Even when the shampoos work, they kill only hatched lice, not nits. Infested people must shampoo again after the nits have hatched, and if they get the timing wrong – waiting until the newly-hatched lice have laid eggs of their own – treatment must begin again. Also, many parents are reluctant to use chemical treatments on their children.

Combs to remove lice and nits also are popular, but combing out the critters is tedious and can take hours, particularly in long hair. Every nit must be removed.

People also use various other products and home remedies to combat lice, but most alternative treatments are untested or ineffective.

The LouseBuster is a nonchemical treatment that is safe, easy and effective. It dries out lice and nits with precisely delivered jets of warm air during a single, 30-minute treatment. The device delivers two to three times more air than a standard blow dryer.

"It's the volume of air as much as the temperature that kills lice," says Clayton. The LouseBuster blows air at about 138 degrees Fahrenheit – cooler than common blow dryers. A 15-minute comb-out after treatment removes dead lice and nits.

"This thing is incredibly innocuous," with no ill effects reported, Clayton says.

Study Shows LouseBuster is Lousy for Lice in Any Climate or Hair

The new LouseBuster study compared the number of live and dead lice and nits before and after treatment on the 56 study participants. Lice and nits were collected from half of each patient's head at the start of the experiment. Then, the whole head was treated with the LouseBuster. Next, lice were collected from the other side of the head. The researchers checked how many lice were alive and how many of the nits would hatch.

Most of the lice and nits collected at the start of the experiment were alive. After treatment by experienced LouseBuster operators, 88.2 percent of hatched lice were dead and 99.2 percent of nits failed to hatch, for an overall mortality of 94.8 percent.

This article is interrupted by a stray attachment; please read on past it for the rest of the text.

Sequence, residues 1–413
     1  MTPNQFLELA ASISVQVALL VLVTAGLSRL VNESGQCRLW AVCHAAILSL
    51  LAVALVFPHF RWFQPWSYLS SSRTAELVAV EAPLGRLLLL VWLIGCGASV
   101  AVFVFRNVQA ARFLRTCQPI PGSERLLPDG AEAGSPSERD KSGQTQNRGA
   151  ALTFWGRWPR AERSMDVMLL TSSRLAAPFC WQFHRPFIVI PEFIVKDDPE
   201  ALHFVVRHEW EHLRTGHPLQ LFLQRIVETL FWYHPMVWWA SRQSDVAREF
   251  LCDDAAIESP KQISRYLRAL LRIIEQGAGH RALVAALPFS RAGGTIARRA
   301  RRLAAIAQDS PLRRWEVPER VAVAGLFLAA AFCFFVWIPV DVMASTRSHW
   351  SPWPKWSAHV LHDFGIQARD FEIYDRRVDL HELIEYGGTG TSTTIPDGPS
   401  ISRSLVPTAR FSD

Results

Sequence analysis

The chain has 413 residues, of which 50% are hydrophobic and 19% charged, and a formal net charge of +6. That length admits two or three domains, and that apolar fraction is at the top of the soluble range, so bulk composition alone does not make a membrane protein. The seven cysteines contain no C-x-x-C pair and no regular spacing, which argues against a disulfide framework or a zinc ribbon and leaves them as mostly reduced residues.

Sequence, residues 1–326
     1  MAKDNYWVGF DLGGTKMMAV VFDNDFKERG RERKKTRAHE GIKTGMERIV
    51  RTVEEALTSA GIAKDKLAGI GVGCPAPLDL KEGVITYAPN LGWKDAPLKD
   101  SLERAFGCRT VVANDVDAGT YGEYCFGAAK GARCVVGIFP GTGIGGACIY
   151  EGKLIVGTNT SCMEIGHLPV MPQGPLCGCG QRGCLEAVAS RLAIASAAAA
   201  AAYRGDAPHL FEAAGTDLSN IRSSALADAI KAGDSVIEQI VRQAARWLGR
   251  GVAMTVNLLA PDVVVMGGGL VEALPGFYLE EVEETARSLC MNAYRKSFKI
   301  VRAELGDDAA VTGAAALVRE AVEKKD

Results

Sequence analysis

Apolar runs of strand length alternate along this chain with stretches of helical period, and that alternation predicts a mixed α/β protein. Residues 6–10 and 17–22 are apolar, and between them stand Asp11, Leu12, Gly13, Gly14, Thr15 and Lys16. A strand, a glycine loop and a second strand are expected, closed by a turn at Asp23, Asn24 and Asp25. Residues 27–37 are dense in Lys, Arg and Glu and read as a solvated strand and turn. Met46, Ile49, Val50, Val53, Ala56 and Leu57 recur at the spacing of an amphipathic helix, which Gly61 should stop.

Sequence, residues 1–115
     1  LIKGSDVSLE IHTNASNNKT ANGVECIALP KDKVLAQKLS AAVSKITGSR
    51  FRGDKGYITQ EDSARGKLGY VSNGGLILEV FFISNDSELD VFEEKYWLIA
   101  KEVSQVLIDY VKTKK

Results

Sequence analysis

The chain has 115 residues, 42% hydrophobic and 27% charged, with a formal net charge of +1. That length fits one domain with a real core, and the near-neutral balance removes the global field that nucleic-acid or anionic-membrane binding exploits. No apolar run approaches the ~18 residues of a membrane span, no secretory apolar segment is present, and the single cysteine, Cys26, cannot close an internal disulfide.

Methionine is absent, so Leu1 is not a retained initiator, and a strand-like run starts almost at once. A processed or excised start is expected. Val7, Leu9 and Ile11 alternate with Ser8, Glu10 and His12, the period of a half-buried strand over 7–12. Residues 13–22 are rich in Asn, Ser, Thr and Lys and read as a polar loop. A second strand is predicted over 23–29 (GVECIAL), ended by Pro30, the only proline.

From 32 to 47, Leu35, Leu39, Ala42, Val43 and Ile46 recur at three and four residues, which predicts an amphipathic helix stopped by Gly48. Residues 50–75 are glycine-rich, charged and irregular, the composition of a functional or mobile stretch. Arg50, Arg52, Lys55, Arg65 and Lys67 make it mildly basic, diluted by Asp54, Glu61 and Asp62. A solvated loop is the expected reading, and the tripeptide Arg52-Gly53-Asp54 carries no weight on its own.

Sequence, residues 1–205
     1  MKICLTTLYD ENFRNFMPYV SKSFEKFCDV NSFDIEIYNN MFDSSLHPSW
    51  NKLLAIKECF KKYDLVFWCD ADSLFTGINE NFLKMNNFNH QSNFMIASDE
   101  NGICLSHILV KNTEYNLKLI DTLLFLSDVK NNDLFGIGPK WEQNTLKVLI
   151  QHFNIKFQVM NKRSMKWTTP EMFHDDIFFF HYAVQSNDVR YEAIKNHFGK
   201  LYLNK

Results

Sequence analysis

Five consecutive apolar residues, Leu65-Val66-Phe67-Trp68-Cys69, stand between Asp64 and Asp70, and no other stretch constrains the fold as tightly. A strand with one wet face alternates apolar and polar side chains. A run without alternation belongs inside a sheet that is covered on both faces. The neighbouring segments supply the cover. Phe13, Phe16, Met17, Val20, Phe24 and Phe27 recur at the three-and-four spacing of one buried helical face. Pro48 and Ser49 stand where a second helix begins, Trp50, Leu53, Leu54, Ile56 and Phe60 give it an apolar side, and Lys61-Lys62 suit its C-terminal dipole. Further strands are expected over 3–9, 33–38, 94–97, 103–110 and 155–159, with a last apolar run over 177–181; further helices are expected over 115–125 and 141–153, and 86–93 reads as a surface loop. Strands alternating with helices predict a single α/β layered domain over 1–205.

Lice not killed immediately apparently were sterilized by the LouseBuster or died later. Any eggs that might have been missed by combing or other methods did not hatch because the LouseBuster treatment killed them. That means the LouseBuster can be an important tool for schools that abandon the "no nit" policy, as was recommended recently by the American Academy of Pediatrics. If the eggs have been killed, then removing all of them is not essential.

Some patients were treated by operators who underwent a two-hour training session, but had not yet used the LouseBuster to treat anyone. Slightly fewer lice were killed by the novice operators, but the difference was not statistically significant.

Tests were conducted in Florida and Tennessee, which have humid climates, and Utah, which has a dry climate. The researchers also categorized each subject's hair as long or short, thick or thin, and curly or straight. Climate and hair type made very little difference in the LouseBuster's ability to kill lice and nits.

The LouseBuster's patent holds out the possibility that people may not be the only customers for the LouseBuster. In the future, a similar device may be developed for use on louse-infested sheep and other livestock.

Larada Sciences' LouseBuster website is at: http://www.lousebuster.com

A 2006 University of Utah news release on the 2006 study of the LouseBuster prototype is at: http://www.unews.utah.edu/p/?r=101906-9

University of Utah Public Relations
201 Presidents Circle, Room 308
Salt Lake City, Utah 84112-9017
(801) 581-6773 fax: (801) 585-3350